We don’t know! But we hope to find out.
During the hottest months of the year, a few days after the full moon at an auspicious moment after the sun sets, coral release their gametes into the sea. While the exact timing is well-known to each and every coral species–their very existence depends on it after all–the whole event is mysterious to us human observers.
I’ve had the amazing experience of diving during a coral spawn it feels like you’re in the middle of an upside down blizzard. But if those eggs aren’t fertilized, and the larvae produced aren’t viable, then the future of the reefs are in jeopardy. Such conditions have been documented in other parts of the Caribbean leading to what are called zombie reefs.
In Tela, no one has ever documented the coral spawn. But it’s critical that we try to find out more about it. If Tela is a seed bank for other parts of the Caribbean, a first step is to understand where and when those seeds are produced. That’s why ACT launched our first alt ac (aka: alternative academics) scientific expedition a few days after the full moon this October. Our aim was to provide coral larvae that might have formed from this year’s spawn cradles on which to grow.
Where do coral babies like to settle? According to other researchers—and there’s been a significant amount of work on this—coral larvae like to cuddle up in semi-light on hard surfaces that have a coating of bacteria and coralline algae.
About a month before we arrived, TelaMarine’s biologist Senjacen Ramirez placed a hundred terracotta tiles in a big bucket and then submerged the entire thing near the dock where TelaMarine’s dive shop is located. The idea was for the tiles to become coated in the oceanic microorganisms that larvae seek as a sign for settling. Once we arrived in Tela, we’d drill holes through them and then attach them to the reef.
Up in Texas, I conferred with Florida Tech’s Robert van Woesik, who has worked on similar studies in the Florida Keys for details. That led to repeated trips to the hardware store for stainless steel screws, nuts, bolts, clips, wrenches, zip ties, drill bits, and underwater cement. Misha Matz’s lab at UT graciously donated cow ear tags to mark the tiles, amazingly small temperature loggers that look like green bottle tops, and water bottles to use to sample the water quality.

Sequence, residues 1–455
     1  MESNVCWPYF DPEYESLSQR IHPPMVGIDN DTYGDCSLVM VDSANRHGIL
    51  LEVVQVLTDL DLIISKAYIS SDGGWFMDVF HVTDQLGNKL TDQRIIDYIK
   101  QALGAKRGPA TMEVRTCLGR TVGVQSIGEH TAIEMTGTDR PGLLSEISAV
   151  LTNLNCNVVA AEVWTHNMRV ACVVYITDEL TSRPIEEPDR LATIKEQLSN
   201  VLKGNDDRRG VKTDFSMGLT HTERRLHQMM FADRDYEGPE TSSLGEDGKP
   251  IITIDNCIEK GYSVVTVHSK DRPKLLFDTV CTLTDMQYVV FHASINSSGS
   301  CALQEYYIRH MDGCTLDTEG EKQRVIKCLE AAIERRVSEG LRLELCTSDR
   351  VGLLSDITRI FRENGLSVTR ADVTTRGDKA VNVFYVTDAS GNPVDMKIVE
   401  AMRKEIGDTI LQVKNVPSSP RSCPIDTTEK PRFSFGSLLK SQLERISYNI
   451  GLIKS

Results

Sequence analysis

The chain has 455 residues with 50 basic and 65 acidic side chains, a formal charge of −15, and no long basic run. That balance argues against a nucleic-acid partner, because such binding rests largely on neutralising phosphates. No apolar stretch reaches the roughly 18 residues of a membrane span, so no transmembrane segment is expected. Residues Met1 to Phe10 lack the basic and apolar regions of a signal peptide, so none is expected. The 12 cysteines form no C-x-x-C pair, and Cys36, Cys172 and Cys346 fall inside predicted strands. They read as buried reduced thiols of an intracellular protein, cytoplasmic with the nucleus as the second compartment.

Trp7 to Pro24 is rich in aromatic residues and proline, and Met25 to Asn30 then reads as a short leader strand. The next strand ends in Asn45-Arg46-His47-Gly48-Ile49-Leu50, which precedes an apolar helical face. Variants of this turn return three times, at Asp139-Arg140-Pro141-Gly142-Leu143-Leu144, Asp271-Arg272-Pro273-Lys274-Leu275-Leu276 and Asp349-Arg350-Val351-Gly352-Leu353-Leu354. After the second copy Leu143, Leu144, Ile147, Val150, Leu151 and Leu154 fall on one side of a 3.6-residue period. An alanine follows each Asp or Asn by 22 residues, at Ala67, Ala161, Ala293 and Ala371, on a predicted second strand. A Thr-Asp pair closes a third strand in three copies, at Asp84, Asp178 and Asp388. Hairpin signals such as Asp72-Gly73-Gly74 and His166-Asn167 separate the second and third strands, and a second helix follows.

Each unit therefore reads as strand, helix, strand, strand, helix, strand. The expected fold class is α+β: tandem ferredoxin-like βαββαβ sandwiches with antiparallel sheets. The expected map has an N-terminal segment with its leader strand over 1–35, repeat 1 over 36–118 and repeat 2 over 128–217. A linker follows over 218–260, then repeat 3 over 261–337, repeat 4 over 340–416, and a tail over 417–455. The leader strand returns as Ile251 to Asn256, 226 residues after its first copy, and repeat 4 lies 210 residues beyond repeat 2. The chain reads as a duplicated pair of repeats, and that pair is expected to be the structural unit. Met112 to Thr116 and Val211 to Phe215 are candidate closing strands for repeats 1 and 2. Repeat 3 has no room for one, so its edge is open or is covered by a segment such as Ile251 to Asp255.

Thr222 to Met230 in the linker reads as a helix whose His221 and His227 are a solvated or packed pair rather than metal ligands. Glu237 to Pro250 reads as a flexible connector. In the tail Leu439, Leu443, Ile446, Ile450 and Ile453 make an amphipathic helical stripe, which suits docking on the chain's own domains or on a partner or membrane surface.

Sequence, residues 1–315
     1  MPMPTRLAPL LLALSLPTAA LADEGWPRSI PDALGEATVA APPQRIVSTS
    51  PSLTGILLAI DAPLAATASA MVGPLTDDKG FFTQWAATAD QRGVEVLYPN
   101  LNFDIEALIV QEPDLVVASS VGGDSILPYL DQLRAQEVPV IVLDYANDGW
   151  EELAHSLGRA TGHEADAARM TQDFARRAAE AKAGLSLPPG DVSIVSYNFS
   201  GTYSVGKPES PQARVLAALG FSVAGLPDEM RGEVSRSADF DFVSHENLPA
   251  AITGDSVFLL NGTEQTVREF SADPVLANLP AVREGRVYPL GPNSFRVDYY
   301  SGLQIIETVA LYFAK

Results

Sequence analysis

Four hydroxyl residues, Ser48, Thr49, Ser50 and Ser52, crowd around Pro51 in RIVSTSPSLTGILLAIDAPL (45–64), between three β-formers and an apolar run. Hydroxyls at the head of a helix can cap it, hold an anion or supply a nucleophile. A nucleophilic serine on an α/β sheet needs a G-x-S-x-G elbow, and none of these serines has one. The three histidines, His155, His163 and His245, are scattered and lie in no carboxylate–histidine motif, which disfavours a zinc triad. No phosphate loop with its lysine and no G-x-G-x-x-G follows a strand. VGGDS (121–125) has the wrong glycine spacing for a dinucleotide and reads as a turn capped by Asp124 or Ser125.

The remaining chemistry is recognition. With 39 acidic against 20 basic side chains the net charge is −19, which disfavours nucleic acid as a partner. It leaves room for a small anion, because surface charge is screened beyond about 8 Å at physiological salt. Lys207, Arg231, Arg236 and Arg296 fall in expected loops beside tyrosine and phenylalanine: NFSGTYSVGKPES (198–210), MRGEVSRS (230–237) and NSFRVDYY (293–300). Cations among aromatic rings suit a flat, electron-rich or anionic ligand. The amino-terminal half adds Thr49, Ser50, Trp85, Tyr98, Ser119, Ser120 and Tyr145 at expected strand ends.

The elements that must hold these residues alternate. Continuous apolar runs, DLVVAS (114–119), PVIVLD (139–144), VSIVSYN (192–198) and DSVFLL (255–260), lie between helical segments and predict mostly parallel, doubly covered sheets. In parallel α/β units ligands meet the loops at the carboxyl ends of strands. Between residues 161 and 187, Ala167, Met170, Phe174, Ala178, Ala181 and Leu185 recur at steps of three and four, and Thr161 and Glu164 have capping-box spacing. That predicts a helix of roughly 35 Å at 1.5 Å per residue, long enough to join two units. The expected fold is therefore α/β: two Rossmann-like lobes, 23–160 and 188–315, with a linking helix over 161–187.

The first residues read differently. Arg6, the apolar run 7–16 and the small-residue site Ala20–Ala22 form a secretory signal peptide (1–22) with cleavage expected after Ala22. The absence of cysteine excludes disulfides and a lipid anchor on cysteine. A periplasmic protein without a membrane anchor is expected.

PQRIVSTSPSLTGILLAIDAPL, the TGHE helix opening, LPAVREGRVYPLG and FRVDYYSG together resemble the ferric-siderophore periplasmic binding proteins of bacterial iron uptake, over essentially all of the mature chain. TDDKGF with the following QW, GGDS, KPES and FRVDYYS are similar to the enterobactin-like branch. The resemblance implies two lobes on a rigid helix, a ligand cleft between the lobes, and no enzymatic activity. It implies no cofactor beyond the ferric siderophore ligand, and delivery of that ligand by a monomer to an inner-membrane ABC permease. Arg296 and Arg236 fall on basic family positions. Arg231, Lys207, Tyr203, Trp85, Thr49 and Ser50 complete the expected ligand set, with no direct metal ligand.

That’s when I learned of the idea of a shiskabob from Misha’s student Kristina Black. More tiles, less drilling.
Still, I was worried about securing screws onto the reef with a hand drill that I’d ordered. I called Tiff who wisely pointed out, “Without a way to drill we won’t be able to do anything else.” I pulled the trigger and bought the queen of all underwater drills: the Nemo V2 electric drill. It was the best decision we made.
Once we to Tela, we planned our approach. We would attempt to install ten tiles in four stations along with securing the temperature loggers and taking water quality samples. One station would be near shore where we know that the town’s runoff has compromised the reef, a dive site called Harati. One would be in the elkhorn thickets near Cocolitos, a place rich with a critically endangered species called Acropora palmata. (We also droppped an extra temperature logger nearby at Punta Sal.) A third station would be in an offshore reef that was healthy called Polkadot, and a final station in an offshore reef that had been affected by a strange death earlier in the year called Orbicella for the house-sized corals that live there. (More on that in another blog.)
Underwater, we learned a lot really fast. Drilling into the reef was not as hard as anticipated because the Nemo V2 is the bomb! Shiskabobs were unstable the way we’d envisioned them. Tiles needed to be carried down in bags, not crates, which were bulky and hard to manage. It was best to set up a division of labor: driller, tile placer, tagger, photographer. While it took us probably two hours to put in ten tiles at our first station, we were down to half an hour at our last station. We got so good, we added an extra station in a healthy offshore reef, Kiscis’s Garden, securing a total of fifty coral cribs in the bay.
And I think about them every day. I marvel at the task of a larva, which like a grain of rice swimming with its tiny cilia in that massive sea. Somehow it has to avoid predators, find its way to a reef, find the right spot on the reef, crawl to its forever home, plant itself in a place where it will be invisible to predators long enough to grow a skeleton while still managing to bask in enough light to woo algae to live in its tissues. It’s so much to accomplish for a little tyke. And yet, the vast, rich reefs of our planet are evidence of immense numbers of past successes. We’ll return in April to–fingers-crossed!–take stock of Tela’s newest, smallest victories.